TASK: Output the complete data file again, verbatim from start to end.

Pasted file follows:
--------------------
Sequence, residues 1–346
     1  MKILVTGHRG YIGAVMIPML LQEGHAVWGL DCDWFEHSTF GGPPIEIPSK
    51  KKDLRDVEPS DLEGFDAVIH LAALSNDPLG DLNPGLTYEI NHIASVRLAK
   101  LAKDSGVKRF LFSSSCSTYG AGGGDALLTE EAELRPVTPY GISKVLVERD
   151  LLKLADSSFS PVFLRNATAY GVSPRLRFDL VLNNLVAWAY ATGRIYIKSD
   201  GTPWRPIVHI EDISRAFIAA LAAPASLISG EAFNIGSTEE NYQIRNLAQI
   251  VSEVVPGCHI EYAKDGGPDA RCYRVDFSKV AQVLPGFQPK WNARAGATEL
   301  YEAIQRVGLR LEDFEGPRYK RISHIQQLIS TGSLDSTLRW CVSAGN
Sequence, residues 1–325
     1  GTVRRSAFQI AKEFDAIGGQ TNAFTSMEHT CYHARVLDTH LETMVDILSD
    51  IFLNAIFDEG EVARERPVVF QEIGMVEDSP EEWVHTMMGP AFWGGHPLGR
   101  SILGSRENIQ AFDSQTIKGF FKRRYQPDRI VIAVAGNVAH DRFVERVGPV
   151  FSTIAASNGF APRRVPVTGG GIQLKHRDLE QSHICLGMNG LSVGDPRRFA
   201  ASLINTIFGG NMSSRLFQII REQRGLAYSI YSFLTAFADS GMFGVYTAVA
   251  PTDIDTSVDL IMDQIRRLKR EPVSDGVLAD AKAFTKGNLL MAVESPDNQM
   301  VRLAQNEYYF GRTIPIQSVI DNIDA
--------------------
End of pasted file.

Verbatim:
Sequence, residues 1–346
     1  MKILVTGHRG YIGAVMIPML LQEGHAVWGL DCDWFEHSTF GGPPIEIPSK
    51  KKDLRDVEPS DLEGFDAVIH LAALSNDPLG DLNPGLTYEI NHIASVRLAK
   101  LAKDSGVKRF LFSSSCSTYG AGGGDALLTE EAELRPVTPY GISKVLVERD
   151  LLKLADSSFS PVFLRNATAY GVSPRLRFDL VLNNLVAWAY ATGRIYIKSD
   201  GTPWRPIVHI EDISRAFIAA LAAPASLISG EAFNIGSTEE NYQIRNLAQI
   251  VSEVVPGCHI EYAKDGGPDA RCYRVDFSKV AQVLPGFQPK WNARAGATEL
   301  YEAIQRVGLR LEDFEGPRYK RISHIQQLIS TGSLDSTLRW CVSAGN
Sequence, residues 1–325
     1  GTVRRSAFQI AKEFDAIGGQ TNAFTSMEHT CYHARVLDTH LETMVDILSD
    51  IFLNAIFDEG EVARERPVVF QEIGMVEDSP EEWVHTMMGP AFWGGHPLGR
   101  SILGSRENIQ AFDSQTIKGF FKRRYQPDRI VIAVAGNVAH DRFVERVGPV
   151  FSTIAASNGF APRRVPVTGG GIQLKHRDLE QSHICLGMNG LSVGDPRRFA
   201  ASLINTIFGG NMSSRLFQII REQRGLAYSI YSFLTAFADS GMFGVYTAVA
   251  PTDIDTSVDL IMDQIRRLKR EPVSDGVLAD AKAFTKGNLL MAVESPDNQM
   301  VRLAQNEYYF GRTIPIQSVI DNIDA